As Smolkin (2007) points out it is about creating or finding and then sharing your niche - in this case the niche being personal stories of participants, witnesses and combatants in the First World War.

Smolkin, Rachel (2007) Finding a Niche. (cover story)

This is a key outcome of open, collaborative and connected learning, where the blogger is a ‘produser’. Efimova (2008) It has taken over a decade, but blogging is now considered to be a valid, scholarl acitivity. Weller (2012).

Weller, Martin (2012) The virtues of blogging as scholarly activity

 Bishop, D. (2013) ‘Blogging as post-publication peer review: reasonable or unfair?’ LSE Impact of Social Sciences blog. 21 March.

Available at:http://blogs.lse.ac.uk/

impactofsocialsciences/ 2013/ 04/ 15/ blogging-as-post-publication-peer-review-reasonable-or-unfair/

 

 

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QR codes and NFC

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Edited by Jonathan Vernon, Thursday, 27 Feb 2014, 17:12

Fig.1. YouTube video for the Museum of London's NFC initiative in 2011

Having picked through links that came to a dead end in a fascinating paper on the variety of technologies and tactics being used by museums in relation to mobile learning I started to see and read more and more about the use of QR codes (those matrix two-dimensional barcodes you use with a smartphone) and NFC 'Near Field Communication' which is becoming an industry in its own right.

Having been kept awake at night about a need for 'constructing knowledge' rather than being fed it I knew that visitors, students especially, need to engage with their surroundings by somehow seeking and constructing their own views.

Without QR and NFC the simplest expression of this is taking notes, and or photographs of exhibits - not just selfies with a mummy or your mates. Possibly doing bits of video. And from these images cutting/editing and pasting a few entries in a blog, Prezi or SlideShare. QR and NFC feed the visitor controlled and curated bite-size nugets, so more than just a snap shot, you can have audio and video files, as well as more images and text.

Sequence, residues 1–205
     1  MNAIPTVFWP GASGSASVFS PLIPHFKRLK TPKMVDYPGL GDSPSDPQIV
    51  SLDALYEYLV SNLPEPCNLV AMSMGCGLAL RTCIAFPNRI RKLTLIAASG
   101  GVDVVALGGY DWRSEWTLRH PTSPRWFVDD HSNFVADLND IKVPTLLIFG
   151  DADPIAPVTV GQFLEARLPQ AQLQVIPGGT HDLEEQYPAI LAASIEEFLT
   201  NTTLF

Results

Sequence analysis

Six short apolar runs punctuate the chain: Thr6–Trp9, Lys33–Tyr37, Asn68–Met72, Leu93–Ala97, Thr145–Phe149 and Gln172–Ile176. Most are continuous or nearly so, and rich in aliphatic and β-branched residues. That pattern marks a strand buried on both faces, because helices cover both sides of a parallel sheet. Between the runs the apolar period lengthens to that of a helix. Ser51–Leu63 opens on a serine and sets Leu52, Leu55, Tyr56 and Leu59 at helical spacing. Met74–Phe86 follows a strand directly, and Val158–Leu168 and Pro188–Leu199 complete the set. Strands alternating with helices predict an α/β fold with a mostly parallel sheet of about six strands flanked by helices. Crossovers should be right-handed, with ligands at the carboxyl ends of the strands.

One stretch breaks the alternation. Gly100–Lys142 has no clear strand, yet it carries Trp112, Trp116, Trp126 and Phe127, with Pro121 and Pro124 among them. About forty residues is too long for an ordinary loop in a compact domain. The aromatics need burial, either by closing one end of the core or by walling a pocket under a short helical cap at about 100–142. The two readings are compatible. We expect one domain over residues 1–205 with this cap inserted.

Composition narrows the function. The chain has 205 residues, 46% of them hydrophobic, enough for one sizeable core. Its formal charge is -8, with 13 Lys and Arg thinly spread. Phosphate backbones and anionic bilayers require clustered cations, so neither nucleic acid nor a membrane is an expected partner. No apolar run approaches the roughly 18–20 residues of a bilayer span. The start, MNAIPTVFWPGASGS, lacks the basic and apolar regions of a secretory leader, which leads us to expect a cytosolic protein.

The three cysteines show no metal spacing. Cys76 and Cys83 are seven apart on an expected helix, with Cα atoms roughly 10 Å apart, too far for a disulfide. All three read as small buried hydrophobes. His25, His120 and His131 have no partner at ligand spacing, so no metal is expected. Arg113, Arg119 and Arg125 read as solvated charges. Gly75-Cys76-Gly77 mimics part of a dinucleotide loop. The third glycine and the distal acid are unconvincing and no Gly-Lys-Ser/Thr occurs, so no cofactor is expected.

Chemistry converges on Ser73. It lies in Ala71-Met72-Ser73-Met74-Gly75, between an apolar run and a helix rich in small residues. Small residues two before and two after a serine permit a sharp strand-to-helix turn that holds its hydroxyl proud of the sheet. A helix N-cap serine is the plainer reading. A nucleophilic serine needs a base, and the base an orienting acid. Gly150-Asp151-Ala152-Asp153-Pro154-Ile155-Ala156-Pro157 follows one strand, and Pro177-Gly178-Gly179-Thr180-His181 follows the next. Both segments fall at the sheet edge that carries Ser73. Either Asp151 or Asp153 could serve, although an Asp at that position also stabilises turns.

Fig.2. South Downs Way QR Code.

Successful trials mean that these have spread. Funny I've not noticed them living in Lewes and walking the dog most days on the South Downs. I'll take a look. NFCs have been used extensively, for 90 exhibits, at the Museum of London - so a visit is required. Though I won't be ditching my iPhone. Apple does not support NFC believing that the technology is still in its infancy ... like Flash, like Betamax and VHS, and all that stuff, a battle will be fought over the NFC benchmark.

So 60% penetration of smartphones in the population ... most of all of which can use a QR code, but less using a early version of NFCs. My experience?

Fig.3. QR Codes at the Deisgn Museum

Last year a visit to the Design Museum I found the 'Visualizing the mind' exhibition littered with QR codes.

They didn't work. Just as well they had ample computers. How often do organisations jump on the IT bandwagon only for a couple of wheels to fall off further down the road?

Fig.4. Evie

Meanwhile I'm off to walk the dog .. then using a trip to see Gravity at the Odeon Leicester Square with my kids to include an educational tour to the Museum of London (always handy to have a teenager around when using mobile technology).


REFERENCE

'REPORTING RESEARCH' 2013, Interpretation Journal, 18, 1, pp. 4-7, Academic Search Complete, EBSCOhost, viewed 10 November 2013.

 

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H818: A History of Openness